In part 1 (MT, January 2009), we discussed my personal story in surviving an anaphylactic reaction, the detection of anaphylaxis and important background questions to ask your clients.
Part 2 has been designed to offer you more information about the primary allergens that may provoke a severe reaction and to alert you to products many massage therapists use that may trigger a reaction.
Once a person has been medically identified as susceptible to severe anaphylactic reactions, they are typically prescribed and encouraged to carry with them at all times a self-injecting device, such as EpiPen, that contains epinephrine (i.e. adrenaline). Some of these products that may be prescribed contain a double dose of epinephrine.2 Epinephrine has shown itself to be clinically effective in stabilizing the severity of an anaphylactic reaction, thus enabling a person to be transported to an emergency room for further treatment.1
The most commonly documented causes or triggers of anaphylaxis are: food, medication, insect venom, latex and exercise. In situations where a specific trigger remains unidentified, the patient is said to suffer from idiopathic (meaning "of unknown origin") anaphylaxis.1
According to the EpiPen Web site, "Food allergies are an increasingly common cause of anaphylaxis that result in about 125 deaths each year in the United States. Some allergists believe this perceived rise in incidence may be attributed to increased exposure to certain foods, such as peanuts, before a child's immune system is mature enough to handle them." There are eight types of foods that are accountable for 90 percent of all food-allergic reactions. The foods that most commonly cause anaphylaxis are: peanuts, tree nuts (walnuts, pecans, etc.), shellfish, fish, milk, soy, wheat and eggs. Sulfites added to foods can also set off anaphylactic reactions. For a small number of people who do not otherwise experience food-related anaphylaxis, exercising within a few hours of eating has been documented as an allergic trigger.1
Within our profession of massage therapy, many of the oils used contain either peanut or almond oil. These may be triggers for clients who have latent allergies they may not know about. According to a 1998 article in the Journal of the American Medical Association (JAMA), approximately 550,000 serious allergic reactions to medications occur annually in U.S. hospitals.3 While the prevalence of drug allergies in the general population is unclear, allergic reactions to medications cause the highest number of documented deaths from anaphylaxis each year. Penicillin accounts for an estimated 75 percent of the known anaphylaxis deaths in the United States.4
Most deaths occur in people who have no medical history of allergic reactions.4 I would add that probably no medical history existed because many people, like myself, didn't take their first allergic reaction seriously enough to seek out allergy testing. As just stated, death from anaphylactic shock can occur from a person's very first exposure to an allergen.
"The most common medications that cause allergic reactions are: penicillin, sulfa antibiotics, allopurinol, seizure and anti-arrhythmia medications, nonsteroidal anti-inflammatory drugs (NSAIDs) such as aspirin and ibuprofen, muscle relaxants, and certain post-surgery fluids. Other medications known to cause severe allergic reactions include vaccines, radiocontrast media, antihypertensives, insulin, and blood products."1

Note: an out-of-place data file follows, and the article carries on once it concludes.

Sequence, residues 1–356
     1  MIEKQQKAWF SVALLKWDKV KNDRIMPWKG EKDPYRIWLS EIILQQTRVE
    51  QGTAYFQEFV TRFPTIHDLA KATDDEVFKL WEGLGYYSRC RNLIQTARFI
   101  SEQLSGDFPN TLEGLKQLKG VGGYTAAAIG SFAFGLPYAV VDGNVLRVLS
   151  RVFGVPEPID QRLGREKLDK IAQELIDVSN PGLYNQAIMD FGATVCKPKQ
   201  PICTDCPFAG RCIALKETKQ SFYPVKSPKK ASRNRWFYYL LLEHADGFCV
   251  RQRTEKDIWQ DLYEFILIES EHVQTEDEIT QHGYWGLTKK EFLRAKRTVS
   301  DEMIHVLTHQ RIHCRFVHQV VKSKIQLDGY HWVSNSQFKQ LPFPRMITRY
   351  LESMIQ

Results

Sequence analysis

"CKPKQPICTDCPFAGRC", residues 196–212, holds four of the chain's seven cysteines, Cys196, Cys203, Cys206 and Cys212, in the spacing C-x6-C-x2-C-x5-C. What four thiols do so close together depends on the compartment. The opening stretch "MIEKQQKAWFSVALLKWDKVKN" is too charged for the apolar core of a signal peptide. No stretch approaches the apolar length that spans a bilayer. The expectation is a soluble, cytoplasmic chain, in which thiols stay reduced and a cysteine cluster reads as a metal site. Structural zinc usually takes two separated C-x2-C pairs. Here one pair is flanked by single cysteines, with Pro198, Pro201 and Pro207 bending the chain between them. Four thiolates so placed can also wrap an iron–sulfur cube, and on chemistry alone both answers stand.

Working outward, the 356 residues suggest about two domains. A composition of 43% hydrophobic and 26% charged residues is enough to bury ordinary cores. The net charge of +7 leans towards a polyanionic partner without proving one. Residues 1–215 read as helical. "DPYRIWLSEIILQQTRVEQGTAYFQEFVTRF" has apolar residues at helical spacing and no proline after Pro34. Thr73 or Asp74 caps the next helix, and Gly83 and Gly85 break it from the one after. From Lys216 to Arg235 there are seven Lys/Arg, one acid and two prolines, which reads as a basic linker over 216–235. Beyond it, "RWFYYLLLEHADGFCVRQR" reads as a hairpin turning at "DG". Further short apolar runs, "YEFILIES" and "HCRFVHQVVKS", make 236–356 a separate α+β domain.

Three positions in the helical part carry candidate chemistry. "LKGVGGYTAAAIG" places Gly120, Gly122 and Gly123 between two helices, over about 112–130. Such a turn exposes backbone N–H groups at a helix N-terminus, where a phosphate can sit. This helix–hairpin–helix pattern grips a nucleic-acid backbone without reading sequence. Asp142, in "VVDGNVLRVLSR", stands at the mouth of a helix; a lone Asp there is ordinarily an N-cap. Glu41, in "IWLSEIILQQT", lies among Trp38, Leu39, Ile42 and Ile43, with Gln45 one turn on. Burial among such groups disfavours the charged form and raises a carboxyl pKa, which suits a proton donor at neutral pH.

In a recent conversation with a client, Mel Eaton, DDS (who grew up on a peanut farm), we speculated that the top two severe allergens (penicillin and peanuts) have a common link - mold. Penicillin is derived from mold and the way peanuts are stored promotes the growth of mold.
It is estimated that 0.5 percent to 5 percent of the U.S. population, or as many as 13 million people, have insect venom allergies.5 Many of these venom-sensitive individuals are at risk for life-threatening anaphylactic reactions. An estimated 40 to 100 deaths due to anaphylaxis caused by insect venom are reported each year, half of which are attributed to fire ants, an increasingly common pest that is spreading throughout the United States. The insects most commonly associated with triggering severe allergic reactions belong to the Hymenoptera order of insects. This order comprises: bees, wasps, yellow jackets, hornets and ants, especially the fire ant.
Unlike people susceptible to anaphylaxis triggered by food, medication or latex, those allergic to insect venom have the option of undergoing immunotherapy, a preventive course of treatment that may provide long-term protection against insect sting allergies.1
An additional few points for your consideration include that using latex gloves for inter-oral work may trigger allergic responses in your clients. This did occur for me once over my 29 years of clinical practice. Nitrile gloves are now considered to be the best for such applications. Also, many of the essential oils or scented candles that are used by Massage Therapists can trigger respiratory allergies. Rarely do these provoke a systemic anaphylaxis but they are not practice builders either.
This two-part series only scratches the surface of the complex subject of anaphylaxis, yet presents you with those triggers considered most deadly. I encourage you to immediately integrate the proposed three questions with both new and established clients:
Your genuine interest, willingness to listen and personal encouragement for your clients to seek out advice from their physician may save a life.
Click here for more information about Dale G. Alexander, LMT, MA, PhD.